Vincent Munier is a wildlife photographer in the purest sense. Wherever the temperature is below zero and the nearest telephone is miles away is where he feels most at home. He often works 4,000 to 6,000 meters above sea level and despite the regular headaches and nausea associated with working in such conditions; Vincent pulls through, driven by the sole aim of capturing images that speaks to the hearts of viewers. As he explains, “There is a gap between nature and society today — a large gap, that gets larger with each passing day. It is my hope that, in their own small way, my images can help close this gap.” It is with great pleasure that we announce Vincent Munier as the newly appointed Ambassador for Nikon Europe and third photographer to join the programme.
Working with some of the best image makers in the world to showcase their unique style, technical approach and imagery, the Nikon European Ambassador Programme aims to offer insight and inspiration for budding photographers.
Vincent is a French wildlife photographer who started his journey with photography at the young age of 12 years old. Growing up in the ancient Vosges Mountains, he spent his time surrounded by nature and discovering landscapes and photography with his father. A profound sense of respect for wild animals in the quietness of the wilderness grew in him; he learnt how to approach them in order to document their behaviour through images.
From Japanese cranes to white wolves, Vincent has travelled to some of the most remote corners of the earth to capture unique images of wildlife in their natural environment.
Dreams and development
Vincent spent much of his youth photographing and learning about the forests surrounding his home and the wildlife that inhabited them. He worked in various small jobs to save money to buy more camera equipment, with hopes to travel and photograph wildlife in other parts of the world. In this blog, we take a deeper dive into some of the most memorable experiences that have helped to shape his career.
Following this, he took his camera to explore a paradise for bears and wolves in East Russia as his next adventure; one that he felt was his first real contact with raw, wild nature and therefore, one of the most memorable. Vincent remarks, “When you walk in these forests and you know big animals live there, it’s much more magical; it’s true nature”.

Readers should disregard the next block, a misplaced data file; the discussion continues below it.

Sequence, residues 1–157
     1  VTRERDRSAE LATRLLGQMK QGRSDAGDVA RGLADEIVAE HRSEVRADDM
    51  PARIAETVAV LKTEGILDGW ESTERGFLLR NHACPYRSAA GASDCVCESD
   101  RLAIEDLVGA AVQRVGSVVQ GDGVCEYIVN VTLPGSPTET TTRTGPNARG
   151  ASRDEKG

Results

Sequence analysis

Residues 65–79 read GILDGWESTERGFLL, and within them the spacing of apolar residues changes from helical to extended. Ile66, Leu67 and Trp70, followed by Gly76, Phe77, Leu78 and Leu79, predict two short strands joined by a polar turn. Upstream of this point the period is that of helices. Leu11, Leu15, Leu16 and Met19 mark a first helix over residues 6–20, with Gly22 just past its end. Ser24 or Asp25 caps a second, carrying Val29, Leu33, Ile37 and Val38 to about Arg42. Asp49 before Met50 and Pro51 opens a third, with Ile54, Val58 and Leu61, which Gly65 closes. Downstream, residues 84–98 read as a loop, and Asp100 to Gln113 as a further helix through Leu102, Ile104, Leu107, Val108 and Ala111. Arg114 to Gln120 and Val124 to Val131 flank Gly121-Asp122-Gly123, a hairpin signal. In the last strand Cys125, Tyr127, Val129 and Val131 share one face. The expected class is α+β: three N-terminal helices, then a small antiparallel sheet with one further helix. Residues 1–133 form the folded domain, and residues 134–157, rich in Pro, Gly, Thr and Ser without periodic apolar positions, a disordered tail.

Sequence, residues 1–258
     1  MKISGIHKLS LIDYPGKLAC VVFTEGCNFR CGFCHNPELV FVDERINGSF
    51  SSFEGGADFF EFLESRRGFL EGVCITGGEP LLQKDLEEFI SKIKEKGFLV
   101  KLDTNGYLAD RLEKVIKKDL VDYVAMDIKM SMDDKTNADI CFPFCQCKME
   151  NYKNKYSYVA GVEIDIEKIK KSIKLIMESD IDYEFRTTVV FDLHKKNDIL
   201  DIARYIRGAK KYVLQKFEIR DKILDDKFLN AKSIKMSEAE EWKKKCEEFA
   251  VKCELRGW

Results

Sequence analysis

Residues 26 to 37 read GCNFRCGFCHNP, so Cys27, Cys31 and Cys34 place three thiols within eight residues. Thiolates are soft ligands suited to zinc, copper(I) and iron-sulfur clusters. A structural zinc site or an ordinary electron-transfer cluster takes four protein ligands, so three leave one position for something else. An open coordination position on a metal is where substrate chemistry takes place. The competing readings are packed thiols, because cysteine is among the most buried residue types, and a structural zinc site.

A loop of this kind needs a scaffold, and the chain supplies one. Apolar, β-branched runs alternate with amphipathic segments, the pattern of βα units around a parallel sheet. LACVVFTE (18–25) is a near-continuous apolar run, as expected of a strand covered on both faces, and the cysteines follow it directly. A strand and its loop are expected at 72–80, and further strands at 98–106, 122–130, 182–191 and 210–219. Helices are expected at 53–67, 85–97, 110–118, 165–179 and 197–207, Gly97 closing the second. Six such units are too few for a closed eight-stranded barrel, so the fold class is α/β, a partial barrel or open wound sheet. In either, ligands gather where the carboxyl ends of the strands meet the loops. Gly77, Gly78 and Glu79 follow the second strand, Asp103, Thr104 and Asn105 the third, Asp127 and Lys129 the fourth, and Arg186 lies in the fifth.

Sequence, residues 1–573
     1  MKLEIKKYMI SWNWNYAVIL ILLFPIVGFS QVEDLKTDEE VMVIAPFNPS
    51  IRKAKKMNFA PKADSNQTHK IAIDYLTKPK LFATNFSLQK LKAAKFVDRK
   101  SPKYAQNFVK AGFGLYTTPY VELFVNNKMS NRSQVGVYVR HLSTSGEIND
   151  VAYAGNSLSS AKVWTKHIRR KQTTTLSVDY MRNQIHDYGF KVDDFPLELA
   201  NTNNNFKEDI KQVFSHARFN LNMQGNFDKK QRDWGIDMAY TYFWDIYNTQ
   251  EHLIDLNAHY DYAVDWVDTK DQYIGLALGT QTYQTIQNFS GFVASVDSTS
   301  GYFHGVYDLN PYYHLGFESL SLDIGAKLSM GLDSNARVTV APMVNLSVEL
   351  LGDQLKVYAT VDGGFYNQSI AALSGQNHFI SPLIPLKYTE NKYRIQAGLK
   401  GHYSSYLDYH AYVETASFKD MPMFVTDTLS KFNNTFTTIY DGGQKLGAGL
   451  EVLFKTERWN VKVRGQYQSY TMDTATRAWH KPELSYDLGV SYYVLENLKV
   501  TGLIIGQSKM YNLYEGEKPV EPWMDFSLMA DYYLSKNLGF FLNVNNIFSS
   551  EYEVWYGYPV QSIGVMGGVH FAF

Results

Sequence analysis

As a boy, Vincent had always dreamt of encountering and photographing the white wolf, a sub-species of wolf (canis lupus), native to the Canadian Arctic Archipelago. He visited Ellesmere Island, Canada, 300km north of the last inward village. Here, not only did he manage to confront a pack of nine wolves that surrounded him, pulling at his clothes, but he shot over 2,000 unique images of them. Vincent suggests that the best time to photograph in the Arctic is March or April, “because you still have the winter conditions, but the light is coming”.
The perfect moment
Vincent’s key focus when photographing wildlife is to understand the animals. He likes to be on the ground with them, at the same level, so that he can approach slowly, blending into the natural environment as much as possible. It’s his philosophy not to cause disturbance with a big team, so he often travels alone to photograph. Vincent practises respect and patience in photography, through learning about and understanding the animals and their behaviour in immense detail.
Vincent is excited to be a Nikon Europe Ambassador. His first camera was the Nikon FE2 and he has been using Nikon products for his entire career. He also has great relationships with Nikon teams across the globe who have supported a variety of his photography endeavours.
Having previously used the Nikon D4, Vincent loves the Nikon D5 for its clarity of image and lighter weight as he regularly works in the dark and on the move for shoots that often require a lot of remote travel. He’s also been taking advantage of the quiet nature of the model, which he says is perfect when trying not to disturb wildlife. For capturing animals from a distance he recommends the NIKKOR 600mm or 800mm lenses which enable him to work from afar without compromising image quality.
What’s in Vincent’s kit bag?